More Ocean art

The Ocean Blog

April is National Poetry Month here in the United States. We'd like you to help us celebrate by penning a poem in the comment field below or on our Facebook page . Not the next Walt Whitman? Fear not...
Artist Shih Chieh Huang spent a good part of 2007 exploring specimens of deep-ocean animals found in the collections of the National Museum of Natural History . He was a Smithsonian Artist Research...
Gyotaku is a traditional form of Japanese art that began over 100 years ago as a way for fishermen to keep a record of the fish they caught. They would apply sumi ink to one side of a freshly caught...
The People's Reef, a part of the Hyperbolic Crochet Coral Reef , from above. The HCCR was created by Margaret and Christine Wertheim of the Institute For Figuring and is on exhibit at Smithsonian's...
For nearly 35 years, National Geographic photojournalist Brian Skerry has been immersing himself in the big blue to get the perfect underwater photograph. He admits that there will never will be a "...
Gyotaku is a traditional form of Japanese art that began as a way for fisherman to keep a record of the fish they caught. The fisherman would apply sumi ink to one side of a freshly caught fish, then...
“Moments after its eyes emerged from the water for a ‘spy hop,’ this whale slowly descended in my direction and came as close as six feet before it dove away.” -- Nature's Best photographer, Steffen...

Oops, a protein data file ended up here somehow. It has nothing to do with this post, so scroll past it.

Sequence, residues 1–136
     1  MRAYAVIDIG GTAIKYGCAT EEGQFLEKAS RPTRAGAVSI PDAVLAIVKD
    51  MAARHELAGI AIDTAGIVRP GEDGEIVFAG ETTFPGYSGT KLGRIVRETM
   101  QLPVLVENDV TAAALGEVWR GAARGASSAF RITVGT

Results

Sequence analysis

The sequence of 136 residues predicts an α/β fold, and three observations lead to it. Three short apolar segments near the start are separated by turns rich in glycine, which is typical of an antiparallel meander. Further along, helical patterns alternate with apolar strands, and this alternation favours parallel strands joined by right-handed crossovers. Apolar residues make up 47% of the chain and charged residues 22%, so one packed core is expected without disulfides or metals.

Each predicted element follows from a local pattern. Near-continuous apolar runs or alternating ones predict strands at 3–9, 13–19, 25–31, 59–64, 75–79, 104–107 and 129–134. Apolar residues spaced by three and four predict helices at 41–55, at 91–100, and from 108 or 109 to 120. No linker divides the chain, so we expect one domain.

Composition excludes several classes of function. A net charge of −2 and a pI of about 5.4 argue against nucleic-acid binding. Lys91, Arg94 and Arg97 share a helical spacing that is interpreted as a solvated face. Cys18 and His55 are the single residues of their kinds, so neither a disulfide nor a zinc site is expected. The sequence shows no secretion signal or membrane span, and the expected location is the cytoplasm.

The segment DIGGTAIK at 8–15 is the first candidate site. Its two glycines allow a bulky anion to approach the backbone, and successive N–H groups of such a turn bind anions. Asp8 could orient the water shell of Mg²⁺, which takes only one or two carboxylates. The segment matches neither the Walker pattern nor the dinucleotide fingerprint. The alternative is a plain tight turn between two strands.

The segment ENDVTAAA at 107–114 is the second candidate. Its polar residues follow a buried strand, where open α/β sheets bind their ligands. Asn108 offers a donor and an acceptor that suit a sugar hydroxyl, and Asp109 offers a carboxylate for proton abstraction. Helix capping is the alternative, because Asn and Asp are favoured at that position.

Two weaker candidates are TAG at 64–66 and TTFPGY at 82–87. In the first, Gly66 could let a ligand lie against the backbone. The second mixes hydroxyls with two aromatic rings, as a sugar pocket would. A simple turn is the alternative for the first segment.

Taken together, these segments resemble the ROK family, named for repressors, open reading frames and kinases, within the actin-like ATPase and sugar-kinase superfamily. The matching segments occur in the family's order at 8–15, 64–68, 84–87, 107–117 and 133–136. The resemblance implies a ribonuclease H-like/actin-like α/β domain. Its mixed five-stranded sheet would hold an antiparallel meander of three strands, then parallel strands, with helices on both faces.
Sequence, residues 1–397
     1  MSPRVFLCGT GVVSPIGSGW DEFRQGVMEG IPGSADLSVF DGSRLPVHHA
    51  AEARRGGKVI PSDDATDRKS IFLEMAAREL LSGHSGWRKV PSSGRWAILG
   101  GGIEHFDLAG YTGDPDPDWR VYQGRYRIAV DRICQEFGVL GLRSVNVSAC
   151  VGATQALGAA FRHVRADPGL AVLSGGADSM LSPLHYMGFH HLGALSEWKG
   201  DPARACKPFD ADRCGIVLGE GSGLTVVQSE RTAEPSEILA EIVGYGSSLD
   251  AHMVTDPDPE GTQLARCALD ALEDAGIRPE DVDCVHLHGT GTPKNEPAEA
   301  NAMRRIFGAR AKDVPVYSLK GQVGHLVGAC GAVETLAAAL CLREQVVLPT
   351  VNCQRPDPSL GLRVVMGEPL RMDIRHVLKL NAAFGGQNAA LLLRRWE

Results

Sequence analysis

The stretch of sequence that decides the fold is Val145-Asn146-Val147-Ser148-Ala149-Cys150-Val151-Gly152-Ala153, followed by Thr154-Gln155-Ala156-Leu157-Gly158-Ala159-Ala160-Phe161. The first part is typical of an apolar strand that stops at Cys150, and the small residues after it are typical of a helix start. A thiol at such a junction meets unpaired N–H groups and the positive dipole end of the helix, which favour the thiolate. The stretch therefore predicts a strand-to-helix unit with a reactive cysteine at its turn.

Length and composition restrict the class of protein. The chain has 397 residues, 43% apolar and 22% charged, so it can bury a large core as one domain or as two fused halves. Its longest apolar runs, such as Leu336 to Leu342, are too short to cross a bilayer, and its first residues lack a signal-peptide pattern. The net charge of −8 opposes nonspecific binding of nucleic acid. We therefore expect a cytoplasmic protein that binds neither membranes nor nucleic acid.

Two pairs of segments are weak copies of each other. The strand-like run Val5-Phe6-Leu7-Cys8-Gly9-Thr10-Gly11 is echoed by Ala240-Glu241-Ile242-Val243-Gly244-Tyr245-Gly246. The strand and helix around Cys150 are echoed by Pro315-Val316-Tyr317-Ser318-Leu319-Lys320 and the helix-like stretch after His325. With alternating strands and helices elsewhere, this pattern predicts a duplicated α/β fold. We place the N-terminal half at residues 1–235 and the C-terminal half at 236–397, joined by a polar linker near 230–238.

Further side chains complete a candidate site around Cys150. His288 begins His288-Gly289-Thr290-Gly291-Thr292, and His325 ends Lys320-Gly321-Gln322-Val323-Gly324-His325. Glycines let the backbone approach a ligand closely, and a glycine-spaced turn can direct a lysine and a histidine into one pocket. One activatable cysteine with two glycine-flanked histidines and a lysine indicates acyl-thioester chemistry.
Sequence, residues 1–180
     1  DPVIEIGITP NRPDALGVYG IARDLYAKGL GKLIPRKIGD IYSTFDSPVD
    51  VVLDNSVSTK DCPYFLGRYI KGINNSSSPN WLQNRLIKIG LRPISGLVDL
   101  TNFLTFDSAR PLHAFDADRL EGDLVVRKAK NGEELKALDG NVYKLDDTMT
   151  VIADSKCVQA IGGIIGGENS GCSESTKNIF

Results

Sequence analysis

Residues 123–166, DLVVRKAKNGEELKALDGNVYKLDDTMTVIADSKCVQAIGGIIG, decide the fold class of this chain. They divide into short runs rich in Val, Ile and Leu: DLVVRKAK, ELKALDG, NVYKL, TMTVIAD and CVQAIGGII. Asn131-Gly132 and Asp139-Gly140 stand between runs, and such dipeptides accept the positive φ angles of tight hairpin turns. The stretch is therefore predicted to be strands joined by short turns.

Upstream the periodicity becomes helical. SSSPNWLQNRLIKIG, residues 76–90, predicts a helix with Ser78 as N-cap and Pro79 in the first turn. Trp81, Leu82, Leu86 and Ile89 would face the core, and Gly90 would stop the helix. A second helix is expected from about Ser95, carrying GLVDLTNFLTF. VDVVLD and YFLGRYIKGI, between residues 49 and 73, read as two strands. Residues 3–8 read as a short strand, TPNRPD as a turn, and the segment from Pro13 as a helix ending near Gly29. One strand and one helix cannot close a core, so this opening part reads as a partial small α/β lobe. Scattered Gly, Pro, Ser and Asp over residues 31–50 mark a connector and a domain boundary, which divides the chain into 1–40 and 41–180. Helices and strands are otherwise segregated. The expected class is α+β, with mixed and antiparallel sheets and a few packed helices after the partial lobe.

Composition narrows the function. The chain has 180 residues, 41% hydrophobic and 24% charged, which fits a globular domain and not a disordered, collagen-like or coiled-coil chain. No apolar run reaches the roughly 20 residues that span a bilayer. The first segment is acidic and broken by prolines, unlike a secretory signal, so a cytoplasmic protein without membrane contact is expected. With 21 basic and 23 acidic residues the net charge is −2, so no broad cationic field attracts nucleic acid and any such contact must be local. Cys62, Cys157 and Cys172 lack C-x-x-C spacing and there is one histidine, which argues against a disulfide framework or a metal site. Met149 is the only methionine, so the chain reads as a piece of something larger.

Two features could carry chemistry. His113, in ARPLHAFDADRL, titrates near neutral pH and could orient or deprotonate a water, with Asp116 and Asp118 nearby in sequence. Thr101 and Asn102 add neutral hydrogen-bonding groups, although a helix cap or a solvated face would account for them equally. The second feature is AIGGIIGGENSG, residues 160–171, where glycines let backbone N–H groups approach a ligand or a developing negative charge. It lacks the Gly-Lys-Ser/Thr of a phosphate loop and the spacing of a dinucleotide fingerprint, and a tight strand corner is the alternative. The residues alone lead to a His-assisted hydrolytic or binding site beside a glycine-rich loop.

Real or imagined, everyone has a story about the ocean. In 2010 sound artist Halsey Burgund teamed up with marine biologist Wallace J. Nichols to record as many of these tales as they could. The...
Wherever you live—and whatever your age or walk of life—there is something you can do to help the ocean, a way for you to Find Your Blue . For musician Sam Lardner, that has meant composing and...
Massachusetts ceramics artist Joan Lederman glazes her work —including this bowl—with deep sea sediments. Some contain tiny single-celled organisms called foraminifera. Lederman has noticed that...
Is the ocean your muse? Send us your poems that celebrate the Big Blue.
The receding tide left a multitude of starfish in tide pools clinging to exposed rocks along the shore. The rich hues matched the colors of the setting sun against the textures of the rocky beach...
Yankee Whalers: An 1856 Currier & Ives print shows whalers harpooning a right whale. More about whales can be found in our Tale of a Whale photo essay .
From a distance, Henry the Fish looks like a typical quirky and colorful sculpture you'd find in a small beach town. But when you look up close, Henry begins to change. His bright yellow and red...
Marine debris damages habitat, entangles wildlife, helps transport invasive species, and harms marine animals that mistakenly ingest the trash thinking it is food. As part of the Smithsonian's Art's...
A tiny yellow goby, Lubricogobius exiguus , living inside an abandoned can on the seafloor; Suruga Bay, Japan
"This World of Ours, Does not feel steady, We keep rotating, Oi! What will happen to us?" This is one of the questions that a group of performers from the Pacific island of Tuvalu is posed to...
A still from Stories From the Gulf: Living with the BP Oil Disaster , part of the 19th Annual Environmental Film Festival in the Nation's Capital.
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